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ASPATRIA AGRICULTURAL SHOW continued
THE DINNER continues
MR. JONATHAN BOUCH responds
His friends had thrown it back in his teeth that he knew nothing about
agriculture - that he had not supped a great lot of poddish and
butter-milk - (laughter) - but he had always imagined that he had been
brought up to agricultural pursuits - in making butter churns and the like.
(Laughter). As to the question of free trade, he remembered in days gone
by, farmers used to sit in the "Tom and Jerry shops" with pewter pots before
them saying, "Down with Cobden and John Bright !" and "Everlasting life to
Protection !" (Laughter). Those were men who imagined at the time that
they were in the right track - men who still imagined it - but free trade
was accomplished, and what had been the result ? The farmers whose old
hedges, at the time he had alluded to, occupied one part of their fields,
and water another, had turned out and burst away from the Tom and Jerry
shops, called together their scattered elements of strength, and awakened
their dormant energies - (loud cheers and laughter) - and by six years after
the corn laws were repealed, the hedges were pruned and the water was gone,
and the meadows, which before grew nothing but rushes, were now fruitful
fields, producing the most luxuriant crops of grass that he ever saw in his
life. (Renewed laughter and cheers).
Protection had been the greatest sluggard that ever crippled the energies of
any nation. (Cheers). There had been a good deal of talk from time to time
about courses of management and so on. The best manager of land, and the
best farmer, was he who knew how to produce the most beneficial results from
the particular acres which he himself occupied. (Cheers). The same
description of management would not answer in two farms, one adjoining the
other. (Hear, hear). He knew very little about farming for his part -
(laughter) - but an old jolly farmer, with a rare round belly on him - just
like himself - (laughter) - had come and said to him the other day "Do you
think it will be of any use sowing any more barley? Folks are all giving up
eating barley bread, and if the right hon. baronet knocks beer on the head
it will be all up with us." (Much laughter).
He had replied that he thought Sir Wilfrid's bill would not be passed in a
minute or two. (Laughter). the jolly old farmer had gone on to say that
"If Sir Wilfrid's bill pass, there will be a collapse - our bellies will
stick to our backs - (laughter) - and before three months were over our
friends would not know us again - we will be so shrivelled and
'mummymised'." (Roars of Laughter). He had reassurred his interrogator by
pointing out to him that the magistrates of the county - far seeing men -
saw the great "drought" coming -(laughter)-and at Brewster Sessions were
preparing for the great change by knocking off the public houses by nice
quiet degrees-(laughter)-and he was sure Sir Wilfrid Lawson would "let the
bill lie over" two or three sessions. (Renewed laughter). There was no
better judge of mankind than Sir Wilfrid; and he would let the bill quietly
sleep for two or three sessions while the nation was in training, preparing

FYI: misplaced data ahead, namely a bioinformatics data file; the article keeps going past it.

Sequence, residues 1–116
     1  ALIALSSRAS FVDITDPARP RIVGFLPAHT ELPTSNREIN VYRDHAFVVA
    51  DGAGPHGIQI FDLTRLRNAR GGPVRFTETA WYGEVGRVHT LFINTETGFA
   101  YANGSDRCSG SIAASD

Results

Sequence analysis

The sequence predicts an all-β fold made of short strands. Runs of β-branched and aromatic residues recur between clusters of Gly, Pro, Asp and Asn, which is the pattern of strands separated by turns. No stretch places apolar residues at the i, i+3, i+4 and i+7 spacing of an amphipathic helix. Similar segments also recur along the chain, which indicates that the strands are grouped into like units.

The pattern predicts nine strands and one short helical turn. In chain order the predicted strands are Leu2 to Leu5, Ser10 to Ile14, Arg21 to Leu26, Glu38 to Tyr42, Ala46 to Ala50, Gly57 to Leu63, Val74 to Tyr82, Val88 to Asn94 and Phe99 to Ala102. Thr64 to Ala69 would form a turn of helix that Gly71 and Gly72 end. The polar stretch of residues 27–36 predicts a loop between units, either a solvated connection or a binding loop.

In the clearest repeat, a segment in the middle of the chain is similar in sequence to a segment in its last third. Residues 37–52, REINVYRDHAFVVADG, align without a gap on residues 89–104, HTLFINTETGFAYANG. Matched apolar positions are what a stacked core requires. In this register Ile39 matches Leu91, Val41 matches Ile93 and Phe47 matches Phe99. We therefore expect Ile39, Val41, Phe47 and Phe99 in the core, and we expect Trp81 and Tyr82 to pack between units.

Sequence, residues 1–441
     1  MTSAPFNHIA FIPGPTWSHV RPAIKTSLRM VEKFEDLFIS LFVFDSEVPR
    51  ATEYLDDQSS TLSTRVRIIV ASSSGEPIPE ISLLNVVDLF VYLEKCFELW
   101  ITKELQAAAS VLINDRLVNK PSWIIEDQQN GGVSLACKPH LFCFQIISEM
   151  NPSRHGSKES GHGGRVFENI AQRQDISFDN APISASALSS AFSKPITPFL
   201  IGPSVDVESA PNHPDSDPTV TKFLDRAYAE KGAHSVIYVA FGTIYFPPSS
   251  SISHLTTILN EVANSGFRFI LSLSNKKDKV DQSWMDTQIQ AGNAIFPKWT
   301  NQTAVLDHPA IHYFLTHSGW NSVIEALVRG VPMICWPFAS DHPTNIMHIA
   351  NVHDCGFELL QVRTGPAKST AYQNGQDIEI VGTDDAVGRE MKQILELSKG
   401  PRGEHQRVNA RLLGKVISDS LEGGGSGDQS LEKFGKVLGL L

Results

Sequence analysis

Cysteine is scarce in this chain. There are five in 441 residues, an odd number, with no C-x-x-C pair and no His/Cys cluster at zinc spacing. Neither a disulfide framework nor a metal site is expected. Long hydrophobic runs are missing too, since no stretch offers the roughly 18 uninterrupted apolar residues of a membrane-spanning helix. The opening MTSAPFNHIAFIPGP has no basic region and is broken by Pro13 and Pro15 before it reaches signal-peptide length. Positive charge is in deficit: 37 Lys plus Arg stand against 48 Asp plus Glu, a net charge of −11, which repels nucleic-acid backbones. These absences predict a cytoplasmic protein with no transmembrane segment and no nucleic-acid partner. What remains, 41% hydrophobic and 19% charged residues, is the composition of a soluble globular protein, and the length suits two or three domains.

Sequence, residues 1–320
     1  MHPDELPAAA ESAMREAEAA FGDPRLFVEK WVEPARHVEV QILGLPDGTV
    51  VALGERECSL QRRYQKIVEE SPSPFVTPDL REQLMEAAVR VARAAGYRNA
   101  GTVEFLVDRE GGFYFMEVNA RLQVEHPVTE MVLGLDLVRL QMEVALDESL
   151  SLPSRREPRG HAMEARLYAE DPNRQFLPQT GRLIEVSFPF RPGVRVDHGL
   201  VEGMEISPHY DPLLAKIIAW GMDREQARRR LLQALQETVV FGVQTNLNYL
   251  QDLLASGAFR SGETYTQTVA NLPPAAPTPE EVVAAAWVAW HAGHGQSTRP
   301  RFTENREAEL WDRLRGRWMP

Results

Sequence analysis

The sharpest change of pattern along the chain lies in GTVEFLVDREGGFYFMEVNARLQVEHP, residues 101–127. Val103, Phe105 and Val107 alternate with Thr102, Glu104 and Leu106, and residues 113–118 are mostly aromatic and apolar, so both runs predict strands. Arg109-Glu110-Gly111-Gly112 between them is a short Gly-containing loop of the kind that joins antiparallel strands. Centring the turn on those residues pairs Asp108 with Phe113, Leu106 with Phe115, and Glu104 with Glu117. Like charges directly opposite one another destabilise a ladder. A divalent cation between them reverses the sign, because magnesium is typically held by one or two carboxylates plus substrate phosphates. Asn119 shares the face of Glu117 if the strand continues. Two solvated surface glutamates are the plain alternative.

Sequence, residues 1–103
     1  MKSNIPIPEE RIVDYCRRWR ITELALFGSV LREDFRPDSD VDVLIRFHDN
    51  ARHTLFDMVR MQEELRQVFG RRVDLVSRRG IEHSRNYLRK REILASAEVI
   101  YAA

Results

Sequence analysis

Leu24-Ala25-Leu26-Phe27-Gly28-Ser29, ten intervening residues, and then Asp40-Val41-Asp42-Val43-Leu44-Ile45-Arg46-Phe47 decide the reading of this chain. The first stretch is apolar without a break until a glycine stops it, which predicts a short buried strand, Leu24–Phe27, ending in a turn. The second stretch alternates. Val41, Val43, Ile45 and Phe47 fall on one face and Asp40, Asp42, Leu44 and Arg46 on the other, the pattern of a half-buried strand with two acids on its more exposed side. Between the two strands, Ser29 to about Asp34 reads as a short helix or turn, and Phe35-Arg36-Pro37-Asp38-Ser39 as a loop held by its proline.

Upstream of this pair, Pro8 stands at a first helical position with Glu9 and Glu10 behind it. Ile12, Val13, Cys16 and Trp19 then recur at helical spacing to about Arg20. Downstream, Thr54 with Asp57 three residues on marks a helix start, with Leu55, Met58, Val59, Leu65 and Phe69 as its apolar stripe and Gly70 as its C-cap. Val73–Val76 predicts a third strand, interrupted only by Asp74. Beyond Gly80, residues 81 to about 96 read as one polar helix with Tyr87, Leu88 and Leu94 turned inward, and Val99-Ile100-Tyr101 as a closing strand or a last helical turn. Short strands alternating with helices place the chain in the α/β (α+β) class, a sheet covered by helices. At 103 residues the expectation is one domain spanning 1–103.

for the great change. (Laughter). He had told his friend that he need not
be afraid to sow his barley till Sir Wilfrid was likely to obtain his great
bill. (Cheers and laughter).
Mr. RAILTON gave the "Committee of Management", complimenting them highly,
and asking them all to continue in office.
Mr. HENRY THOMPSON responded.
The VICE-CHAIRMAN gave the health of the Secretary, and Mr. KIRKHAUGH
acknowledged the compliment.
Mr. JONATHAN BOUCH gave "The Vice-Chairman."
The VICE-CHAIRMAN, in responding said as to the question of leases and the
security for tenants' capital, that the whole question could be put in one
word "confidence." Let landlords choose good men for their tenants and
tenants choose good men for their landlords, and have confidence in one
another, and that would be better than all the leases that all the attorneys
in England could draw up. (Laughter and cheers).
The Rev. E. SALKELD interpolated the toast of "The Press;" and Mr. W. STEEL
returned thanks on behalf of the representatives present.
The CHAIRMAN proposed the last toast on the list "The Bonnie Lasses of
Cumberland" Before doing so, he referred to the remarks of the
Vice-Chairman. No doubt a great thing in getting a good tenant was finding
an honest man. But that was not business. (hear, hear). If all men were
honest they would want no rules, and the Vice-Chairman would not have much
to do. (Laughter). But they might not find an honest man, and in order to
do business in a satisfactory manner they must have such rules and
regulations as would enable them to carry it on when one party - whether
landlord or tenant - should try to get an advantage. (Cheers). He was
sorry to differ from the Vice-Chairman; but if they were to lay their heads
together for a short time, they might not differ so much after all. (Hear,
Turning to the subject of the toast, he said he was looking forward with
pleasing anticipation to the time when he might have in his constituents a
number of most amiable ladies. (Laughter). They all, whether members of
Parliament or not members of Parliament, were happy to think they had the
ladies for their friends. (Cheers).
Mr. KIRKHAUGH responded on behalf of the fair sex. He mentioned that he had
the names of 15 ladies on his list of subscriptions, representing 13
The company then separated at about half-past six o'clock.
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